The Libyan government has acknowledged that a Baltimore writer who went missing in the early weeks of the conflict there is alive and in custody, a Maryland congressman said Tuesday.
Libyan officials acknowledged that Matthew VanDyke was in custody during talks with Hungarian officials before Ramadan began last week, according to U.S. Rep. C.A. Dutch Ruppersberger's office. The United States suspended embassy operations in Libya, but has been working with its protecting power there, and in Hungary and other countries, to help American citizens in Libya. For months, Libyan officials said they had no information about VanDyke's whereabouts.
"This is the first time Libyan authorities have acknowledged that they have detained Matthew VanDyke and they will now be held accountable for his welfare and whereabouts," Ruppersberger said in a statement. The U.S. must continue to reach out to partners who are still operating in Libya to bring VanDyke and other imprisoned Americans home, he said.
"I'm certainly glad of the news, but I don't know what it means," Sharon VanDyke, the captive's mother, said Tuesday. She hopes the Libyan government's acknowledgement means that the U.S. can actively pursue her son's release.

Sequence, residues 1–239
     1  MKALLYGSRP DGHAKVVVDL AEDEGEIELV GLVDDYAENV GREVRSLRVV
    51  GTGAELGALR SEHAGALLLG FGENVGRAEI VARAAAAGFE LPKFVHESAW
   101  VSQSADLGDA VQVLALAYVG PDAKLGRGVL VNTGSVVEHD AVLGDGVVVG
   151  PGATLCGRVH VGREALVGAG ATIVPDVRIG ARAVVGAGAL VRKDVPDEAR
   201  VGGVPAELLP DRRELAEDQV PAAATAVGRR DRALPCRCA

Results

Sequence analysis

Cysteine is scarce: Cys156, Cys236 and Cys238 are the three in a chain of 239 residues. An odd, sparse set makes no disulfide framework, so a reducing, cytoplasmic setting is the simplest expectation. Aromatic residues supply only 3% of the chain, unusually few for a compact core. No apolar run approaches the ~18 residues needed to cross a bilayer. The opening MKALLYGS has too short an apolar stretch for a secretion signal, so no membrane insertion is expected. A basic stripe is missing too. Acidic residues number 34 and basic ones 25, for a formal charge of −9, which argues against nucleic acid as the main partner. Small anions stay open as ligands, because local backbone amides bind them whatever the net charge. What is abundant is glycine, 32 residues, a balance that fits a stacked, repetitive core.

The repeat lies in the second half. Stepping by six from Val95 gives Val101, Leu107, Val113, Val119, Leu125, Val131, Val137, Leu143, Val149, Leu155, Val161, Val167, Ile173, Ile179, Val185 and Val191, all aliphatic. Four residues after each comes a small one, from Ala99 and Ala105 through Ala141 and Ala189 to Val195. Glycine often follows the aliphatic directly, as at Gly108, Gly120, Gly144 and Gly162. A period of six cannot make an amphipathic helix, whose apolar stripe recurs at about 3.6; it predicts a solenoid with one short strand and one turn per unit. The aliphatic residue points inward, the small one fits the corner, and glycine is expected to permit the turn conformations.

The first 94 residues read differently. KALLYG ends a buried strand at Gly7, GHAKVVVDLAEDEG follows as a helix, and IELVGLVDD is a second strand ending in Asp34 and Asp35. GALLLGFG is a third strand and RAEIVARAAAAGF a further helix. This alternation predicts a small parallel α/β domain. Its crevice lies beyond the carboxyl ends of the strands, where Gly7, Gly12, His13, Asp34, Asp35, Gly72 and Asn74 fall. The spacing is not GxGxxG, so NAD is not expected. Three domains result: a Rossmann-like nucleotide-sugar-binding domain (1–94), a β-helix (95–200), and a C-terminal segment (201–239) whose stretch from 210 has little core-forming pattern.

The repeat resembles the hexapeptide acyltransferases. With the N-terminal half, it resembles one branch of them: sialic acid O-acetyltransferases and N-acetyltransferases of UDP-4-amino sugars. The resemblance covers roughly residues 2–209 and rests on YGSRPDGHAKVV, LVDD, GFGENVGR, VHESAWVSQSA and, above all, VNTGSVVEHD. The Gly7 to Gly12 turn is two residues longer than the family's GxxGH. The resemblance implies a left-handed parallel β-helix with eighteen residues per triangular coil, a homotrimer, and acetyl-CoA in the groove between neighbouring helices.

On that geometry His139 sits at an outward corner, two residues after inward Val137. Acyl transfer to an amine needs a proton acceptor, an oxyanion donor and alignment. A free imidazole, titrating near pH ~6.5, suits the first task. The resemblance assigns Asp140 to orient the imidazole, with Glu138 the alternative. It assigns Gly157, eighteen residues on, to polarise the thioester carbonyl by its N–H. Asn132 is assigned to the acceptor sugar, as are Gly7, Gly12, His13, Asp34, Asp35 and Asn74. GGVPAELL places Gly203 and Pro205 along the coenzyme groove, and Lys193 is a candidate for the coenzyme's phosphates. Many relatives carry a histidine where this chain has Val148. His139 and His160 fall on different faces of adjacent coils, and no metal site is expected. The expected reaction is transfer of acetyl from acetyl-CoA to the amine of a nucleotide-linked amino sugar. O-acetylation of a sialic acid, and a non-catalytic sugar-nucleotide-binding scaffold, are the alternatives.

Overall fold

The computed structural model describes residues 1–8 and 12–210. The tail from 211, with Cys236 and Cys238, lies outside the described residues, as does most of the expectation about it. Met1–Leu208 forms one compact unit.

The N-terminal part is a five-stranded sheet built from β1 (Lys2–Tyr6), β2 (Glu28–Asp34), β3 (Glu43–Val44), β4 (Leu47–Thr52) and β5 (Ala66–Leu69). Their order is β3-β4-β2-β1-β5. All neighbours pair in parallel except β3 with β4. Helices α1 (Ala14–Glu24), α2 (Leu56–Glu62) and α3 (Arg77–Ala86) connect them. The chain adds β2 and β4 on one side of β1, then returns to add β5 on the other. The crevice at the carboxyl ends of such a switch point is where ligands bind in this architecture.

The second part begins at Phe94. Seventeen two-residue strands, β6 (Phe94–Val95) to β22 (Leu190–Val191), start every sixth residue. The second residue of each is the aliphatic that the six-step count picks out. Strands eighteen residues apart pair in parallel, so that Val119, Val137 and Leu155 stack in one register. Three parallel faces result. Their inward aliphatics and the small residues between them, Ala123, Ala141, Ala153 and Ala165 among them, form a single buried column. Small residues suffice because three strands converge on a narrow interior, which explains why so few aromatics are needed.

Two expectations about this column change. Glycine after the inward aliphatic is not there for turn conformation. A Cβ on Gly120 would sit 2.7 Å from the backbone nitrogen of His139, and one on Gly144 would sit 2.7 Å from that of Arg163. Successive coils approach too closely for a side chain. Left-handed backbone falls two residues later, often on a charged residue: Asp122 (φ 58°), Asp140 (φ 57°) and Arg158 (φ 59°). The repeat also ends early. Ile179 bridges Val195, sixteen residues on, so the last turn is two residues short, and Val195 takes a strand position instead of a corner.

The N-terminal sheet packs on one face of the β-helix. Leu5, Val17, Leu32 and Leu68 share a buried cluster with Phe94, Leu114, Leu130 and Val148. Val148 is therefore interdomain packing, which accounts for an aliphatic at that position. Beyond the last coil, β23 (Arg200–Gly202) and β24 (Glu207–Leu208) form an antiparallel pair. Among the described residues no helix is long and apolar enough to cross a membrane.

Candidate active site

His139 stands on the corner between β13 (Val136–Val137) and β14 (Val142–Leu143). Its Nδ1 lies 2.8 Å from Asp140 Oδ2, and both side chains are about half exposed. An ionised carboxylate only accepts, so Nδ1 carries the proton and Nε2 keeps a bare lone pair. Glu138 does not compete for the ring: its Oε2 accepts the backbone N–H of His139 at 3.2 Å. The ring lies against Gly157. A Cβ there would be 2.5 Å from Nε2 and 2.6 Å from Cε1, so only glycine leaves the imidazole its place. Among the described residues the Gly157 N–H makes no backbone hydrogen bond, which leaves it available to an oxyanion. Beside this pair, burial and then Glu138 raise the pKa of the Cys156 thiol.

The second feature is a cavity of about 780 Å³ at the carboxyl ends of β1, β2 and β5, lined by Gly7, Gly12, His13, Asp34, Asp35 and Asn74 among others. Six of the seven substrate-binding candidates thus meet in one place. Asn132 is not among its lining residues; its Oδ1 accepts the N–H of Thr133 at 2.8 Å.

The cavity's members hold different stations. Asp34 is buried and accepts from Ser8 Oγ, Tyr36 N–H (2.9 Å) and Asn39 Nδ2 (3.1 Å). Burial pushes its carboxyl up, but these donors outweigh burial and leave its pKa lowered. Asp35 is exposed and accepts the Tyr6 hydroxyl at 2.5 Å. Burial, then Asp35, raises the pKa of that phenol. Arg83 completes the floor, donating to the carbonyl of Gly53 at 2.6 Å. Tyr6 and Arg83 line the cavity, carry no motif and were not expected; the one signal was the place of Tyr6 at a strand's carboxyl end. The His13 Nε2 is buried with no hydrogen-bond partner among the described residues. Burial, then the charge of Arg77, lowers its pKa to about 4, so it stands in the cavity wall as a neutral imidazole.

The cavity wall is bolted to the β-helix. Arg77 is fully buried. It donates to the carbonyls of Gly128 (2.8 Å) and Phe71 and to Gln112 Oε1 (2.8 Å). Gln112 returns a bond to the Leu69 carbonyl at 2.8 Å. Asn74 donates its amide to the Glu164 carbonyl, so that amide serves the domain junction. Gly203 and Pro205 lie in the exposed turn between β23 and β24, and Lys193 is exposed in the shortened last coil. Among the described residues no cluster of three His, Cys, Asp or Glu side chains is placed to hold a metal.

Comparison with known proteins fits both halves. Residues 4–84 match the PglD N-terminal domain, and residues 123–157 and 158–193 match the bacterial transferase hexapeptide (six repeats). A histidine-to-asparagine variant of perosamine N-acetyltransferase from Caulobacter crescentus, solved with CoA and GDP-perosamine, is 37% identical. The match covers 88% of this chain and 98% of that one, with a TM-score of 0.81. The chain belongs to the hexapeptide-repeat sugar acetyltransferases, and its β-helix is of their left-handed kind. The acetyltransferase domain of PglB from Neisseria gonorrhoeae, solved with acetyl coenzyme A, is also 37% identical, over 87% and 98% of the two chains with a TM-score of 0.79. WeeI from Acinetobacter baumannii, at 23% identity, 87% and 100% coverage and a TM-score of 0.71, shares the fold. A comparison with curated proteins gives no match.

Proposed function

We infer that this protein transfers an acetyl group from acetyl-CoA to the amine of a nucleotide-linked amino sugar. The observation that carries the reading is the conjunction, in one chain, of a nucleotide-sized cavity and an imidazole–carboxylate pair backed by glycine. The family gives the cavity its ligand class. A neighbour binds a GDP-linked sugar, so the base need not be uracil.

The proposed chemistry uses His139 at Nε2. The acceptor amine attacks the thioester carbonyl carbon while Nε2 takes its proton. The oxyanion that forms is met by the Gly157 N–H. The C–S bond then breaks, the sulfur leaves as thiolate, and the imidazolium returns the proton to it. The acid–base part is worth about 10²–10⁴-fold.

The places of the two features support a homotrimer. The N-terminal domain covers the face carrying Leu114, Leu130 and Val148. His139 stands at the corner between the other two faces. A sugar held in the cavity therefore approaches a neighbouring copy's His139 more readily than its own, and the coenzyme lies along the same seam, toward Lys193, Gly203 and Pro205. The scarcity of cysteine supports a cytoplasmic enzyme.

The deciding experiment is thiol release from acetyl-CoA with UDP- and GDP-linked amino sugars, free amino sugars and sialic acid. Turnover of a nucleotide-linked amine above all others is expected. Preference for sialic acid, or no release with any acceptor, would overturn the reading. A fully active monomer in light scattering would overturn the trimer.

Matthew VanDyke's girlfriend, Lauren Fischer, said the report was too iffy to give her much comfort.
"For me, that's excellent to hear," she said. "But at the same time everything seems to be moving quite slowly."
VanDyke traveled to Libya this winter to write about the uprising against Moammar Gadhafi and disappeared in March. His travels throughout the Middle East and southeast Asia from 2007 to 2009 included a visit to Libya for six weeks in 2008. He planned to be at home for a year working on a book about his travels, but he found himself distracted by the events in the Middle East, his mother said.
Matthew VanDyke called home March 12, saying he would take a day trip to the eastern Libyan oil town of Brega to take photographs. His mother received a message with GPS coordinates from Brega the next day, but that was the last contact she had with him.
Last month, officials said the State Department was trying to confirm sightings of the 32-year-old in a Tripoli prison. The State Department is aware of the reports about Van Dyke and continues to work for access to and the eventual release of all U.S. citizens detained in Libya, a department official said Tuesday. The department is tracking and assisting six citizens who are missing or presumed detained in Libya.